Communications Director

Michelle Pfeffer (University of Oxford)

Michelle Pfeffer is a Fellow by Examination (JRF) at Magdalen College, Oxford. Her research explores the history of science, medicine, and religion in early modern Europe. Her PhD, awarded in May 2020, examined the widespread denial of the immortal soul in seventeenth century England. She is currently working on two new projects: the decline of astrology in the seventeenth and eighteenth centuries and an intellectual biography of the controversial theologian William Warburton. Her publications include “Paganism, Natural Reason, and Immortality: Charles Blount and John Toland’s Histories of the Soul”, Intellectual History Review; “Christian Materialism and the Prospect of Immortality” in Science without God, eds. Peter Harrison and Jon Roberts (Oxford); and “The Pentateuch and the immortality of the soul in England and the Dutch Republic: The Confessionalisation of a Claim” in Beyond Ancients and Moderns, eds. Ian Maclean and Dmitri Levitin (forthcoming).

Editors, Intellectual History Review (2007-)

Thomas Ahnert (University of Edinburgh)

Thomas Ahnert is Professor of Intellectual History at the University of Edinburgh. He has published mainly on German and British, in particular Scottish, intellectual history from the seventeenth to the early nineteenth century. His first monograph was a study of the jurist and philosopher Christian Thomasius, Religion and the Origins of the German Enlightenment. Faith and the Reform of Learning in the Thought of Christian Thomasius (2006). This was followed in 2014 by a book on The Moral Culture of the Scottish Enlightenment, 1690 – 1805. With the late Susan Manning he co-edited a volume of essays on Character, Self and Sociability in the Scottish Enlightenment (2011), which was a product of a collaborative research project, directed by Susan Manning and Nicholas Phillipson, on the Science of Man in the Scottish Enlightenment. He has also translated and edited several seventeenth- and early eighteenth-century texts on natural law, including Thomasius’s Institutes of Divine Jurisprudence, with Selections from Foundations of the Law of Nature and Nations (2011). His current projects are a study of Newtonianism in the German lands from the late seventeenth to the early nineteenth century, and a new history of the Scottish Enlightenment.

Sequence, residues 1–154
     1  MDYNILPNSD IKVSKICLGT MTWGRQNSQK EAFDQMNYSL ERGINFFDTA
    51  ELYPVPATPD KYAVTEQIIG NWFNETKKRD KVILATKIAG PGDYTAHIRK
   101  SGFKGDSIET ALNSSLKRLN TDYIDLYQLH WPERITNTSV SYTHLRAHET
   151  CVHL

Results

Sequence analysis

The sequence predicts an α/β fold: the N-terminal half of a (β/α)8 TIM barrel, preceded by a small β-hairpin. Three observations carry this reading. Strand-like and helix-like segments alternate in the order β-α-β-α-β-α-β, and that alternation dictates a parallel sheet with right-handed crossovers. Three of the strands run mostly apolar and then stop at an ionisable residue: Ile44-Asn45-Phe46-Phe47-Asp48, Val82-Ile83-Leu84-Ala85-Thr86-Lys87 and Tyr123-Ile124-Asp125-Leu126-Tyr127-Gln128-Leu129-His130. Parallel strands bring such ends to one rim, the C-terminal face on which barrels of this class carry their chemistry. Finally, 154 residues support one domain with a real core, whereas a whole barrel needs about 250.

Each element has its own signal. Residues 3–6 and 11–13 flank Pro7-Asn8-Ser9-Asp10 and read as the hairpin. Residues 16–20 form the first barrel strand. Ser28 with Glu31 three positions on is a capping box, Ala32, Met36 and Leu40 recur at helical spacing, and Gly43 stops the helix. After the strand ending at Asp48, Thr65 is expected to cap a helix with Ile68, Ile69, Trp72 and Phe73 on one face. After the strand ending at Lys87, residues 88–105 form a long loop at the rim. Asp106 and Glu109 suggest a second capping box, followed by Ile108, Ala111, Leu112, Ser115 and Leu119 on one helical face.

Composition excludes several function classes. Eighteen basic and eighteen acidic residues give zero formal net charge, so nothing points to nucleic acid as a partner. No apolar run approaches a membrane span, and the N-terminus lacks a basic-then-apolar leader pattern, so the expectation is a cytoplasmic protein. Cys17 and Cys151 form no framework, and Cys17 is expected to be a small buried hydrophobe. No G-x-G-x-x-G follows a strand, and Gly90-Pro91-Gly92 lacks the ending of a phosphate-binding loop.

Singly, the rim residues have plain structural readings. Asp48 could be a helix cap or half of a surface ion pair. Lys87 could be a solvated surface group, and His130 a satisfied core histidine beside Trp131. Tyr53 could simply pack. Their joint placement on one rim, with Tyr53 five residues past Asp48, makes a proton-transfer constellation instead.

Stephen Gaukroger (University of Sydney)

Stephen Gaukroger is Professor of History of Philosophy and History of Science, and ARC Professorial Fellow, at the University of Sydney. He was educated at the Universities of London and Cambridge, and has written on many aspects of early-modern intellectual history, with occasional forays into classical and medieval thought. He is the author of an intellectual biography of Descartes (OUP, 1995), and among his more recent books are: Francis Bacon and the Transformation of Early-Modern Philosophy (CUP, 2001), Descartes’ System of Natural Philosophy (CUP, 2002), Objectivity, A Very Short Introduction (OUP, 2010), and Le monde en images. Voir, représenter, savoir, de Descartes à Leibniz (with Frédérique Aït-Touati: Garnier, forthcoming 2013). He has been enngaged for some time on an examination of the emergence of a scientific culture in the West, and he is now at the mid-point of this project. Two volumes have already appeared: The Emergence of a Scientific Culture: Science and the Shaping of Modernity, 1210-1685 (OUP, 2006), and The Collapse of Mechanism and the Rise of Sensibility: Science and the Shaping of Modernity, 1680-1760 (OUP, 2010). The third volume, The Naturalization of the Human and the Humanization of Nature: Science and the Shaping of Modernity, 1750-1820 should be ready by the middle of the decade.

James A. T. Lancaster (University of Queensland)

Dr James A. T. Lancaster is an intellectual historian who received his PhD from the Warburg Institute, University of London. He is presently Lecturer in Studies in Western Religious Traditions in the School of Historical and Philosophical Inquiry. Previously, he was a UQ Research Fellow at the Institute for Advanced Studies in the Humanities at the University of Queensland. As a member of the Editorial Board of the Oxford Francis Bacon critical edition, he has published widely on the philosophical and religious thought of Francis Bacon. His research and teaching interests and experience include the history of science and religion, the history of atheism and irreligion, and the history of the psychology of religion.

  • #ISIH2022 Conference

    #ISIH2022 Conference

    #ISIH2022 We will shortly be announcing details for our 2022 conference.